U.S. adults' views about the economy were unchanged last week, with Gallup's U.S. Economic Confidence Index averaging +3 for the second week in a row. After reaching several post-recession highs earlier this year, the index has been quite stable since May, with weekly averages between +2 and +4, Gallup said in a statement.
Meanwhile, an unexpected rebound in U.S. consumer confidence reflects a buoyant labor market and improved business conditions, Bloomberg News reported. But Americans are slightly less optimistic about where things will be in six months, data from the New York-based Conference Board showed Tuesday.
Consumer Confidence Highlights from June
- Confidence index rose to 118.9 (est. 116) from 117.6 in May
- Present conditions measure increased to 146.3, highest since July 2001, from 140.6
- Gauge of consumer expectations for the next six months fell to 100.6, lowest since January, from 102.3
Americans are encouraged by an economy that continues to provide jobs, rising stock and home prices and steady pay gains. The share of respondents expecting higher incomes was the second-highest since 2002. Meanwhile, the easing of the overall expectations index adds to other sentiment figures that suggest mounting skepticism about the ability of Washington lawmakers to enact economic policies that will drive growth, including healthcare reform and tax cuts.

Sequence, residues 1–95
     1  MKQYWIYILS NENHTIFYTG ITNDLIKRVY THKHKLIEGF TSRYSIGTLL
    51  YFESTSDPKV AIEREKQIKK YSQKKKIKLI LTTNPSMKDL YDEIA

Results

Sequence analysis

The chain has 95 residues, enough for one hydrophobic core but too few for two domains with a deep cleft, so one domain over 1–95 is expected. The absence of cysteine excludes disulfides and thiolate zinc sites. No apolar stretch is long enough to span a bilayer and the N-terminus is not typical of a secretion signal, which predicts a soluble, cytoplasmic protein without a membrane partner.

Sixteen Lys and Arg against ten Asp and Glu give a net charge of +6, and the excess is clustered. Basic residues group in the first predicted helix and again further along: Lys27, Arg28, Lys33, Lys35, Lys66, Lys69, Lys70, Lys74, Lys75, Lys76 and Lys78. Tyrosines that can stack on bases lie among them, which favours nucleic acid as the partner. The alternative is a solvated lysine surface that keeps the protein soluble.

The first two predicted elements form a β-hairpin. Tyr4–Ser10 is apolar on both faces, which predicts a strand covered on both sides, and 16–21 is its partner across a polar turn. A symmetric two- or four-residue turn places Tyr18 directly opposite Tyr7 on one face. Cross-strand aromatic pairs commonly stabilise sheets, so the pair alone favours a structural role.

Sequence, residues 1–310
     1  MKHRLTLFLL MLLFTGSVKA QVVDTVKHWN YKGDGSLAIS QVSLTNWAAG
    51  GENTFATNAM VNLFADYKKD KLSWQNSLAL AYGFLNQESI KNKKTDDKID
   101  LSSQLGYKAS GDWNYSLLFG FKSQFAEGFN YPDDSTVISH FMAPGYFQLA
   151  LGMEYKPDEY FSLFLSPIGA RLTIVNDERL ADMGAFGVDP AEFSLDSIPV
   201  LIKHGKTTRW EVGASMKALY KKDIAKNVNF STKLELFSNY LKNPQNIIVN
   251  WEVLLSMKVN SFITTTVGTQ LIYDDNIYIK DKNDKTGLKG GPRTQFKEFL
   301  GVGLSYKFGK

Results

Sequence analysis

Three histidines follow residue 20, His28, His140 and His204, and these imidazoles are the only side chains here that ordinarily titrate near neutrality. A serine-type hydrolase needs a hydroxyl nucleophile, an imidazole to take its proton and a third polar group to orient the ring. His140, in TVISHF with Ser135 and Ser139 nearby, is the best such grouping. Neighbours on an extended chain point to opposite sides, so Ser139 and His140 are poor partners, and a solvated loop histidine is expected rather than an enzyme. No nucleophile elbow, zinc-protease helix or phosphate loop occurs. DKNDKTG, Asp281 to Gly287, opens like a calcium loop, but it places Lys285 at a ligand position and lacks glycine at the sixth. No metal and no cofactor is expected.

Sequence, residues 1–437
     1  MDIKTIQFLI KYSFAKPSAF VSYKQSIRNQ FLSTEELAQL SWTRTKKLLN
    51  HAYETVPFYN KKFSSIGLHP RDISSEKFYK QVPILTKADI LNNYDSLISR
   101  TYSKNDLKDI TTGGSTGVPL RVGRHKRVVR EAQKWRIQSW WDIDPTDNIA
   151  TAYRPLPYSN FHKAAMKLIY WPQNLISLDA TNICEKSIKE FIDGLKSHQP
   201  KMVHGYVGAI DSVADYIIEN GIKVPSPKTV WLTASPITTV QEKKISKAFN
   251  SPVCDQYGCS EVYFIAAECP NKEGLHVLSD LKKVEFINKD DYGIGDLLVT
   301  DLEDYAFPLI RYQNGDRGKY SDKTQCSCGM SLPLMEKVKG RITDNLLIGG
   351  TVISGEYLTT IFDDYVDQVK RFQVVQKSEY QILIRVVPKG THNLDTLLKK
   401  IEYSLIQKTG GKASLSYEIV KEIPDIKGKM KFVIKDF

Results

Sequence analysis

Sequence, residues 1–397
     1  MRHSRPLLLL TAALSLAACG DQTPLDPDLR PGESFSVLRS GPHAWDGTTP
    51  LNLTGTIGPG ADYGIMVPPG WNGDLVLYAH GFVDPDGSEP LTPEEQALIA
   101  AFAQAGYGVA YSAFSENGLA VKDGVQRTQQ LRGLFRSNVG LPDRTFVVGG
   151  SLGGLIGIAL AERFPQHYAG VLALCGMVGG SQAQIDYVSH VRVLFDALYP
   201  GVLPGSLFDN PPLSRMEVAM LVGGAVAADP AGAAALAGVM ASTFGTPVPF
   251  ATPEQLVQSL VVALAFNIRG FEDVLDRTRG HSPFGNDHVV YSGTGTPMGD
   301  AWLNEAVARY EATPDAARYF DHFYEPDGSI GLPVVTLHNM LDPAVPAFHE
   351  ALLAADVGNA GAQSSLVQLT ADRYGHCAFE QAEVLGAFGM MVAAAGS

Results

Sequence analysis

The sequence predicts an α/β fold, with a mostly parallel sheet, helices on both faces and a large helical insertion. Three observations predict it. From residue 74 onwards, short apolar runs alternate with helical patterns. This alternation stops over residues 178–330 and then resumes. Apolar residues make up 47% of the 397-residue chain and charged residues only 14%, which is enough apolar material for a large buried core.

“Expectations for the short-term have eased somewhat, but are still upbeat,” Lynn Franco, director of economic indicators at the Conference Board, said in a statement. “Overall, consumers anticipate the economy will continue expanding in the months ahead, but they do not foresee the pace of growth accelerating.”
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